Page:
The Washington Post’s Bob Woodward on Wednesday said “tax returns are a character issue.”
This occurred during a lengthy Morning Joe discussion about – what else? - Republican presidential candidate Mitt Romney’s taxes (video follows with transcribed highlights and commentary):
As NewsBusters previously reported, the gang at Morning Joe were having a field day tearing apart Romney’s admission that he pays about fifteen percent in taxes.
“He should have put the tax returns out probably a long time ago,” said Woodward. “And then everyone would say, ‘Okay, he’s rich, he’s paying the capital gains dividends rate, not surprising.’ Now it’s going to be surprising, and the disparity, as you point out, with the middle-class taxpayer, or even with President Obama is quite stark.”
After NBC’s Andrea Mitchell agreed with the predictable nonsense about how it would have been far better if Romney had disclosed this information sooner, Woodward interjected, “But tax returns are a character issue. It tells you a lot about somebody, who they are, where their money comes from.”
Tax returns are a character issue? So what does it say about the character of the 47 percent of filers that don’t pay any taxes at all?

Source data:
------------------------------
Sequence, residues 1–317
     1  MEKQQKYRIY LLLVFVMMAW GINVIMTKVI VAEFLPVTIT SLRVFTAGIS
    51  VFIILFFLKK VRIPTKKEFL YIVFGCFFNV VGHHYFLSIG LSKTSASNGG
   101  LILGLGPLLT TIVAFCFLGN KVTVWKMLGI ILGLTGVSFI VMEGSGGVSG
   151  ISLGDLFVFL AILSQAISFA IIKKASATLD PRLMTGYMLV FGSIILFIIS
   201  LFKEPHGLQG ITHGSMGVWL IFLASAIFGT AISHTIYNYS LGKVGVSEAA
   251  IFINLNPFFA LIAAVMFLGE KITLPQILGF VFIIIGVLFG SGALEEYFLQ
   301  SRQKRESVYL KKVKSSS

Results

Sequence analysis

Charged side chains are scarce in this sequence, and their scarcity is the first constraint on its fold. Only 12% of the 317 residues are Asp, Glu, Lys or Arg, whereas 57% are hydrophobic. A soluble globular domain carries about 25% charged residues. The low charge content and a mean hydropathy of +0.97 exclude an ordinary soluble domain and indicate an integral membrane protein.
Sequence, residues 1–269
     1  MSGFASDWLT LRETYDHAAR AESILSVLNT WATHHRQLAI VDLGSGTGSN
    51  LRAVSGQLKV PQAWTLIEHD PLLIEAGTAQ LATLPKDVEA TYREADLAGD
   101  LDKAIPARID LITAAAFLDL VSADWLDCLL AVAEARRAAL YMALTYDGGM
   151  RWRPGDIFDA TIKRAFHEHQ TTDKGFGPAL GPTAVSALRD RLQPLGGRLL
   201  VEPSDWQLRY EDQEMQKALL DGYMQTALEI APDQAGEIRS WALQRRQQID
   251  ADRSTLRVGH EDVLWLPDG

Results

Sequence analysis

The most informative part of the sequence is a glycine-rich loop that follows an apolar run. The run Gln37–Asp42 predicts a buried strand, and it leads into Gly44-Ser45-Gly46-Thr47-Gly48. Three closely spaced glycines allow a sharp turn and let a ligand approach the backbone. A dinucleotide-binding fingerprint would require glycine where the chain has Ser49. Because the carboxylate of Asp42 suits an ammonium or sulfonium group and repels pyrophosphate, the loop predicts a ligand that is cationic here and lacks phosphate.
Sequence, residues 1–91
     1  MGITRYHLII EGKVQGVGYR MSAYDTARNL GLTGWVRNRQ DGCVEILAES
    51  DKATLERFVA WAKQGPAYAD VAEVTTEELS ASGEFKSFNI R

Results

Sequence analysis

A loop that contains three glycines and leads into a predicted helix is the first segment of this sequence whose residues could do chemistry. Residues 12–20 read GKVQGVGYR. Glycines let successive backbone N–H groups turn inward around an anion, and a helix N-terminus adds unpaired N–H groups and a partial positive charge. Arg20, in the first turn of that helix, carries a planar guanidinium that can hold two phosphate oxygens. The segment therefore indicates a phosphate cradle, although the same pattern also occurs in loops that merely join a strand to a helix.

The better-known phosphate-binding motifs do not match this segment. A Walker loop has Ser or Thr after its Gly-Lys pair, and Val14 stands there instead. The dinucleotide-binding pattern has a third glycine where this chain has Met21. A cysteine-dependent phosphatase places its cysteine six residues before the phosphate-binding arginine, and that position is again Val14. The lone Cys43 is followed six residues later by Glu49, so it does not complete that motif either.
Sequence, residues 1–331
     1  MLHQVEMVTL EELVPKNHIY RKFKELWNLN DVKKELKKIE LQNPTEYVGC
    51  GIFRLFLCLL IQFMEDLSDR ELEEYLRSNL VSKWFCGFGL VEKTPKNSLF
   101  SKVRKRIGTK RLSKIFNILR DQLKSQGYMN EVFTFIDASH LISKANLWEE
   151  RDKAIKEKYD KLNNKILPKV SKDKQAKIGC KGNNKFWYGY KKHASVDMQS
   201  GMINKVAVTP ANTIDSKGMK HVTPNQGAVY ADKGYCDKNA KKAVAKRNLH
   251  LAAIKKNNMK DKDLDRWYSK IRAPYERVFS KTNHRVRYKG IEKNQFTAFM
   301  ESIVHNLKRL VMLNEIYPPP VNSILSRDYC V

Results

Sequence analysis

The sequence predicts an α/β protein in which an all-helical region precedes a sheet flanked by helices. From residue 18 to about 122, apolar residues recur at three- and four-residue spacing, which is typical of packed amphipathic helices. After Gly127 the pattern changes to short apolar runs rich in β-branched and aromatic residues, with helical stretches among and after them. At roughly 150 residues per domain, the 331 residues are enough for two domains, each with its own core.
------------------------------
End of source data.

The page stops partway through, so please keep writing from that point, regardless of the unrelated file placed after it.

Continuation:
Not surprisingly, the media don’t like talking about them.
Also preposterous was Woodward's claim about the "disparity" between what the middle-class and Romney pay in taxes as well as the completely false chyron at the bottom of the screen "Romney's Tax Rate Lower Than Most Americans."
In reality, nothing can be further from the truth.
As the Internal Revenue Service reported months ago, the only people in America paying more than fifteen percent federal income tax in 2009 had adjusted gross incomes of $200,000 or greater. This comprised less than three percent of the tax returns filed that year.
As such, if it turns out Romney is paying fifteen percent federal income tax, he is paying more than 97 percent of Americans NOT less than most as MSNBC claimed.
Think you're going to hear that from the Obama-loving media?
Something else they'll certainly ignore is that 97 percent of Americans pay less than twelve percent in federal income taxes based on AGI.
Keep that in mind as the press carp and whine about someone paying only fifteen percent in taxes.